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This article in CS

  1. Vol. 26 No. 6, p. 1099-1103
     
    Received: Oct 21, 1985
    Published: Nov, 1986


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doi:10.2135/cropsci1986.0011183X002600060002x

Low Ribonuclease I Activity Prior to Cold Acclimation in Freeze Selected Winter Barley1

  1. D. G. Kenefick and
  2. T. K. Blake2

Abstract

Abstract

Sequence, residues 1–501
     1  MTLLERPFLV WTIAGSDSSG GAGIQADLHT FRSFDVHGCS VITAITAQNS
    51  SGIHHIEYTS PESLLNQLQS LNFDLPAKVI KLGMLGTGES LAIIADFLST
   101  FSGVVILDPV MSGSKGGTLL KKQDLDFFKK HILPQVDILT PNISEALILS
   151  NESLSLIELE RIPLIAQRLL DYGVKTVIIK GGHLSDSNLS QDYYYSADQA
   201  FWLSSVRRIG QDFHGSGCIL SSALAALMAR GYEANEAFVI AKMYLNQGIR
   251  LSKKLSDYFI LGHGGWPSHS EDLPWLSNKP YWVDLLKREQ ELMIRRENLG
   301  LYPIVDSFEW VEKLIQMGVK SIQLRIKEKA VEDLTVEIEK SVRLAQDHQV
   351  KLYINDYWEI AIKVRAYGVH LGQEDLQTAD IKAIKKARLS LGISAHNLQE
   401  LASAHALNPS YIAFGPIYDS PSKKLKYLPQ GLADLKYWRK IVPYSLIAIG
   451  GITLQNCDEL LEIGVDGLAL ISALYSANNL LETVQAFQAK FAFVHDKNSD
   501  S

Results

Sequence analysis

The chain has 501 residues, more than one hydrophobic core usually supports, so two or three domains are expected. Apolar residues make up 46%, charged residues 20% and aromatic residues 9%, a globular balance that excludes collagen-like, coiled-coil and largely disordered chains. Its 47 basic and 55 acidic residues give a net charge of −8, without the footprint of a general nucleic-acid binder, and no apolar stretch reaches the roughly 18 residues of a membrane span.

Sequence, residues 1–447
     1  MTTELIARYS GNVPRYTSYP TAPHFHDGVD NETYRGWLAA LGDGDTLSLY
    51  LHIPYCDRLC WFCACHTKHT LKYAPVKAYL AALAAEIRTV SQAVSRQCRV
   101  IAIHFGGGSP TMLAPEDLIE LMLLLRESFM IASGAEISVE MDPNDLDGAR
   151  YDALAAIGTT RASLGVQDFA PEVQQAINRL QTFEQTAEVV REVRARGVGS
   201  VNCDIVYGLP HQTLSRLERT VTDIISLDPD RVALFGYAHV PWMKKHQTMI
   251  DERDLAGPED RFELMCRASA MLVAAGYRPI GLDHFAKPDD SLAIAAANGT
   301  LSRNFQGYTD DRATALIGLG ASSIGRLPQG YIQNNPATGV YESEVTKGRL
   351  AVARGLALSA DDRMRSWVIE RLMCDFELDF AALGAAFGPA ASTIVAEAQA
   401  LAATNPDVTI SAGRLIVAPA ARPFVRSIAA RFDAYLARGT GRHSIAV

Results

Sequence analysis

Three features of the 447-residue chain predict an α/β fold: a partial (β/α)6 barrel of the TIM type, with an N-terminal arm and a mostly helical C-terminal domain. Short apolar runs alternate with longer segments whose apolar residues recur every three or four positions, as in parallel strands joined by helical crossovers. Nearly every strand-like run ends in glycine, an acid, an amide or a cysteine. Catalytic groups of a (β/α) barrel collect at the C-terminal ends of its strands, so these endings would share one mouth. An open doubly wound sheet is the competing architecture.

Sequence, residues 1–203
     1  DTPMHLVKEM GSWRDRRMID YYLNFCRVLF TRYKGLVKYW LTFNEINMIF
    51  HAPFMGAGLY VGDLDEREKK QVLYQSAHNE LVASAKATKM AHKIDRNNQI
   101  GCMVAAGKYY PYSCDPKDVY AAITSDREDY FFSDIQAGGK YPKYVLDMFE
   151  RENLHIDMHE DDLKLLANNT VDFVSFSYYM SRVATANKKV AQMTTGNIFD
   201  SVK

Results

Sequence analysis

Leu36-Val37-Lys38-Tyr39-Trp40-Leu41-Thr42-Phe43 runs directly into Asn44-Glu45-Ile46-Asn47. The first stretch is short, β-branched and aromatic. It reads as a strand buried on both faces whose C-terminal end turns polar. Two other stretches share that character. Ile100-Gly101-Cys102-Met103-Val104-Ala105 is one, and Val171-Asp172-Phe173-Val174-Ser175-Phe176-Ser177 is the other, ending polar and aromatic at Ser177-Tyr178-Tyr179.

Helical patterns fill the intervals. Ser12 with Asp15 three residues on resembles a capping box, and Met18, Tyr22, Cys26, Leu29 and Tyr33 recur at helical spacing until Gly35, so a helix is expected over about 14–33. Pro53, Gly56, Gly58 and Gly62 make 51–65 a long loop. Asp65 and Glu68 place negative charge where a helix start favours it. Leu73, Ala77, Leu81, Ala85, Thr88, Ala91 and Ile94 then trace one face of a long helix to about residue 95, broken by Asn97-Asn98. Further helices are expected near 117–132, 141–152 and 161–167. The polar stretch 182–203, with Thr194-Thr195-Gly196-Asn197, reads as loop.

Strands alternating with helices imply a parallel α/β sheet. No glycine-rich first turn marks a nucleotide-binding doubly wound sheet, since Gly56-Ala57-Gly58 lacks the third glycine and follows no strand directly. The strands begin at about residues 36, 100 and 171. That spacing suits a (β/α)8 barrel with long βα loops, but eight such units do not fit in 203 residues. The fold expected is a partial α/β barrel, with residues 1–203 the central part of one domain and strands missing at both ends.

Etiolated 4-day-old shoot tissue of freeze-resistant winter barley (Hordeum vulgare L.) contains low ribonuclease I (EC 3.1.27.5) activity compared to susceptible cultivars, an indigenous distinction found in nonacclimated tissue. The objective of this report was to determine if a shift in plant population caused by freeze selection resulted in changes in ribonuclease activity of leaf tissue. The RNA-degrading activity in tissue extracts was determined spectrophotometrically and by assays using disc polyacrylamide gel electrophoresis (PAGE) of tissue extracts. Increased freeze survival in hybrid lines and reduction of RNA-degrading activity were demonstrated by subjecting F5 plants to freeze selection. Extracts from tissue of the freeze-susceptible (‘Tennessee Winter’) cultivar contained higher total activity than was present in extracts from the freeze-resistant (‘Dicktoo’) cultivar for range of tissue ages. The prominent distinction between the cultivars in 20-day leaf tissue was a slowly migrating ribonuclease band found at the midpoint of gels containing extracts of the susceptible cultivar, which was essentially absent in the resistant cultivar. A consequence of selection for freeze resistance in winter barley was a reduction in variation of enzyme activity among plants within a cultivar and a lowering of activity. These data were consistent with results showing a selective shift from high to lower activity in composite extracts of shoot tissue grown from seed of unselected and freeze selected plants, respectively.

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